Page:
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From "Tyler Hobbs (JIRA)" <j...@apache.org>
Subject [jira] [Comment Edited] (CASSANDRA-10052) Bringing one node down, makes the whole cluster go down for a second
Date Tue, 01 Sep 2015 15:20:47 GMT

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Tyler Hobbs edited comment on CASSANDRA-10052 at 9/1/15 3:20 PM:
-----------------------------------------------------------------

bq. I'm not sure why we should skip notifications altogether rather than still sending them
using the Gossip endpoint address, in a similar way to what CASSANDRA-5899 does when rcp_address
is set to 0.0.0.0? Tyler Hobbs any thoughts?

The python driver uniquely identifies nodes by their {{rpc_address}} (or {{broadcast_rpc_address}}).
 I'm looking into what the other drivers do, but I'm guessing it's the same (EDIT: they are
the same).  If we send a notification with the {{listen}}/{{broadcast_address}}, the drivers
are likely to ignore it because the address won't be recognized.

Ultimately, I think the drivers may need to move to uniquely representing hosts by their {{broadcast_address}}
to handle this kind of setup better.  That's a little tricky, because the initial contact
points and load balancing policies all currently work on rpc addresses.  To help support this
on the C* side, we should consider sending both the {{rpc_address}} and {{broadcast_address}}
in push notifications.

bq. I see. Sounds like we should just special-case it and not send anything from onDown if
a peer listening on localhost goes down.

I think this would work okay if we change the condition a bit.  Instead, don't send anything
from {{onDown}} if a peer with the same ({{broadcast_}}){{rpc_address}} that we have goes
down.  That _should_ only happen when the cluster is set up like this, but will still allow
setups like ccm's to work normally.


was (Author: thobbs):
bq. I'm not sure why we should skip notifications altogether rather than still sending them
using the Gossip endpoint address, in a similar way to what CASSANDRA-5899 does when rcp_address
is set to 0.0.0.0? Tyler Hobbs any thoughts?

The python driver uniquely identifies nodes by their {{rpc_address}} (or {{broadcast_rpc_address}}).
 I'm looking into what the other drivers do, but I'm guessing it's the same.  If we send a
notification with the {{listen}}/{{broadcast_address}}, the drivers are likely to ignore it
because the address won't be recognized.

Ultimately, I think the drivers may need to move to uniquely representing hosts by their {{broadcast_address}}
to handle this kind of setup better.  That's a little tricky, because the initial contact
points and load balancing policies all currently work on rpc addresses.  To help support this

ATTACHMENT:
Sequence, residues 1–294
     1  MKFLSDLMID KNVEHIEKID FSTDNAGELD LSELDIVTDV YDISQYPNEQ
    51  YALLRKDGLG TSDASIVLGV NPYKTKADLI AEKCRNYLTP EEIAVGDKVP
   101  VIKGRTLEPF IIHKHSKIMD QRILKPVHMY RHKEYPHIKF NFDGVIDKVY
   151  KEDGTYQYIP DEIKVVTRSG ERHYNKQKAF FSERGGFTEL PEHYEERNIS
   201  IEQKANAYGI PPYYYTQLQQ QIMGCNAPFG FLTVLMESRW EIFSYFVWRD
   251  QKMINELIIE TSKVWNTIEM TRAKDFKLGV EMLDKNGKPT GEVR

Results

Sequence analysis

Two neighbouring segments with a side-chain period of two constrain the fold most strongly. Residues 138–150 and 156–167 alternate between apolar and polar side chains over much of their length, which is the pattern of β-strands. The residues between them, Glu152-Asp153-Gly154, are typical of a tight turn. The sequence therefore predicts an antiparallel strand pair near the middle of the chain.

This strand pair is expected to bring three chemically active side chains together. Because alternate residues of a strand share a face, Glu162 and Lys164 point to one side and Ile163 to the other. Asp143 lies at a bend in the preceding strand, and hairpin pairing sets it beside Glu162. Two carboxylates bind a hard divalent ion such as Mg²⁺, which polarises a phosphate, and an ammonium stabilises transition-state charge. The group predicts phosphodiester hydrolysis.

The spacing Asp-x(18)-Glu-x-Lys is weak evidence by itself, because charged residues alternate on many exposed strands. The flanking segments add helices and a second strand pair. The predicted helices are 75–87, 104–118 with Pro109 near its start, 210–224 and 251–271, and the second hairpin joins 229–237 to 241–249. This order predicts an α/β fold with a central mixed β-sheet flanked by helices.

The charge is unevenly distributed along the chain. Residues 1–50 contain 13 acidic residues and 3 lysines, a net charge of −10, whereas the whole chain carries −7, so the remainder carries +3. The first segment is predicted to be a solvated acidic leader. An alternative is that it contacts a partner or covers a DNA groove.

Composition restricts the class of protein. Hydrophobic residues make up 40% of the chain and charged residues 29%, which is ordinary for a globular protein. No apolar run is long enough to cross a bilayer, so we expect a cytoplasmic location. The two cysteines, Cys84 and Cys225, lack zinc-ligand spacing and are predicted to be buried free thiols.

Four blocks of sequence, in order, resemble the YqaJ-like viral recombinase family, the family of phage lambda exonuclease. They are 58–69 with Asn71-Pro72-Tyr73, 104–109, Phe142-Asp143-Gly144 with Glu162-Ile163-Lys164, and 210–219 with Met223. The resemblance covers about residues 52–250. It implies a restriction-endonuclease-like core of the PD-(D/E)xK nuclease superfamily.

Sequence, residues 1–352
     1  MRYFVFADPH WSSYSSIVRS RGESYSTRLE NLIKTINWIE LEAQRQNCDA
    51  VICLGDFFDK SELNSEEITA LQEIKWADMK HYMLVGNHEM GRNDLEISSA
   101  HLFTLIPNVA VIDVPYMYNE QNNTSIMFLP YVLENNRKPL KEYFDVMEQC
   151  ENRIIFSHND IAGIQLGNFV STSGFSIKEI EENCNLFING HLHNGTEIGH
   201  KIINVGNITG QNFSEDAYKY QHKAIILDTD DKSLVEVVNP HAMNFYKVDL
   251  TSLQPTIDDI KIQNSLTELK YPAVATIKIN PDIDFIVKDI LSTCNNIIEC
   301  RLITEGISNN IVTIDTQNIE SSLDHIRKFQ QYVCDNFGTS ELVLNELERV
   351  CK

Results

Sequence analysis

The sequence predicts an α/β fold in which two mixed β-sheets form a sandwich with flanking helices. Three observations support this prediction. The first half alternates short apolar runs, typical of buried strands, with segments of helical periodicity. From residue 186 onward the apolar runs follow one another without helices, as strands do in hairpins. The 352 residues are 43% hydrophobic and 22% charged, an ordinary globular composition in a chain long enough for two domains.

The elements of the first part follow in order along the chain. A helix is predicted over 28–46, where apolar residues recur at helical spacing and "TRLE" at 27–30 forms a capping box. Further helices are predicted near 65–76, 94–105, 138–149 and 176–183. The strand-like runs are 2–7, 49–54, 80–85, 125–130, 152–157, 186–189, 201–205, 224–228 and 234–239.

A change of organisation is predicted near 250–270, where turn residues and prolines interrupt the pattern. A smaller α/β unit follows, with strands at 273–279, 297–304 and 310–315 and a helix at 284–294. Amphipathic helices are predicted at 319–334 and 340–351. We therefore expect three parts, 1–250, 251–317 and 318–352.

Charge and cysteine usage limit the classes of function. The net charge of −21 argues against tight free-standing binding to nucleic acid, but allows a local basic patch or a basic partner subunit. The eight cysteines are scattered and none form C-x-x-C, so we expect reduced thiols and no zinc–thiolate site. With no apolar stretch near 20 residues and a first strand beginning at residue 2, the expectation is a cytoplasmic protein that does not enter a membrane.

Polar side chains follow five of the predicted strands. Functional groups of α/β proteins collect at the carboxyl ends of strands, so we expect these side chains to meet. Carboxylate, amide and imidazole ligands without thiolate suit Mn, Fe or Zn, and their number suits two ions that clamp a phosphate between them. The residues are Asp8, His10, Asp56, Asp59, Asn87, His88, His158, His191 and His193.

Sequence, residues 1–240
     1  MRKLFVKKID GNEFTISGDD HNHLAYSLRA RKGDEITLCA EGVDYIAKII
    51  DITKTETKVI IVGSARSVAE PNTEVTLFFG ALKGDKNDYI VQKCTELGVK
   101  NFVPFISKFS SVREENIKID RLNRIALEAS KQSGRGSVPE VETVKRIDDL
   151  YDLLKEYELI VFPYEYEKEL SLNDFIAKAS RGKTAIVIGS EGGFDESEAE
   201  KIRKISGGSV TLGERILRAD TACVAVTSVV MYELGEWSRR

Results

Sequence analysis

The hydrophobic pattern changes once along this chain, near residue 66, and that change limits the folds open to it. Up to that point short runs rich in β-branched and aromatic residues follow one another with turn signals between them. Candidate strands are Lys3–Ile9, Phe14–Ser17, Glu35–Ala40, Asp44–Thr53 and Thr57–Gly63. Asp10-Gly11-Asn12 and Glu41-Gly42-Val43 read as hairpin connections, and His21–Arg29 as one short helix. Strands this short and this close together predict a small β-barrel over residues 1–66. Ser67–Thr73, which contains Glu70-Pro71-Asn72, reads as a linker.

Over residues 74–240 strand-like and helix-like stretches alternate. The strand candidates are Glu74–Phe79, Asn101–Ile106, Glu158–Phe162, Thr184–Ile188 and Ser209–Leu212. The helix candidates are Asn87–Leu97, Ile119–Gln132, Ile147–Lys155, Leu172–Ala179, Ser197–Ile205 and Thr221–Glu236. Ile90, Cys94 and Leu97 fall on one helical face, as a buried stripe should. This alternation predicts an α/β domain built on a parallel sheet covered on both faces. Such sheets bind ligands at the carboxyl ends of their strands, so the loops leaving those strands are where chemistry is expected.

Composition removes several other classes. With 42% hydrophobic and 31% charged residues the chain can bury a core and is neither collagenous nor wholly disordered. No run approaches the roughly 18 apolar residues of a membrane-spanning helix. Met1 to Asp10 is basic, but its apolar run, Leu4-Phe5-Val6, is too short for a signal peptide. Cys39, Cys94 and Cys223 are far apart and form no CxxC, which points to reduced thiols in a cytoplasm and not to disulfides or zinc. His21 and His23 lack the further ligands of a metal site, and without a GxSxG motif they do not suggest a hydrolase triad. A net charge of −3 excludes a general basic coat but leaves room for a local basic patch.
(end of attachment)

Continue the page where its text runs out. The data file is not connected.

on the C* side, we should consider sending both the {{rpc_address}} and {{broadcast_address}}
in push notifications.

bq. I see. Sounds like we should just special-case it and not send anything from onDown if
a peer listening on localhost goes down.

I think this would work okay if we change the condition a bit.  Instead, don't send anything
from {{onDown}} if a peer with the same ({{broadcast_}}){{rpc_address}} that we have goes
down.  That _should_ only happen when the cluster is set up like this, but will still allow
setups like ccm's to work normally.

> Bringing one node down, makes the whole cluster go down for a second
> --------------------------------------------------------------------
>
>                 Key: CASSANDRA-10052
>                 URL: https://issues.apache.org/jira/browse/CASSANDRA-10052
>             Project: Cassandra
>          Issue Type: Bug
>            Reporter: Sharvanath Pathak
>            Assignee: Stefania
>              Labels: client-impacting
>             Fix For: 2.1.x, 2.2.x
>
>
> When a node goes down, the other nodes learn that through the gossip.
> And I do see the log from (Gossiper.java):
> {code}
> private void markDead(InetAddress addr, EndpointState localState)
>    {
>        if (logger.isTraceEnabled())
>            logger.trace("marking as down {}", addr);
>        localState.markDead();
>        liveEndpoints.remove(addr);
>        unreachableEndpoints.put(addr, System.nanoTime());
>        logger.info("InetAddress {} is now DOWN", addr);
>        for (IEndpointStateChangeSubscriber subscriber : subscribers)
>            subscriber.onDead(addr, localState);
>        if (logger.isTraceEnabled())
>            logger.trace("Notified " + subscribers);
>    }
> {code}
> Saying: "InetAddress 192.168.101.1 is now Down", in the Cassandra's system log.
> Now on all the other nodes the client side (java driver) says, " Cannot connect to any
host, scheduling retry in 1000 milliseconds". They eventually do reconnect but some queries
fail during this intermediate period.
> To me it seems like when the server pushes the nodeDown event, it call the getRpcAddress(endpoint),
and thus sends localhost as the argument in the nodeDown event.  
> As in org.apache.cassandra.transport.Server.java
> {code}
>   public void onDown(InetAddress endpoint)
>        {      
>            server.connectionTracker.send(Event.StatusChange.nodeDown(getRpcAddress(endpoint),
server.socket.getPort()));
>        }
> {code}
> the getRpcAddress returns localhost for any endpoint if the cassandra.yaml is using localhost
as the configuration for rpc_address (which by the way is the default).



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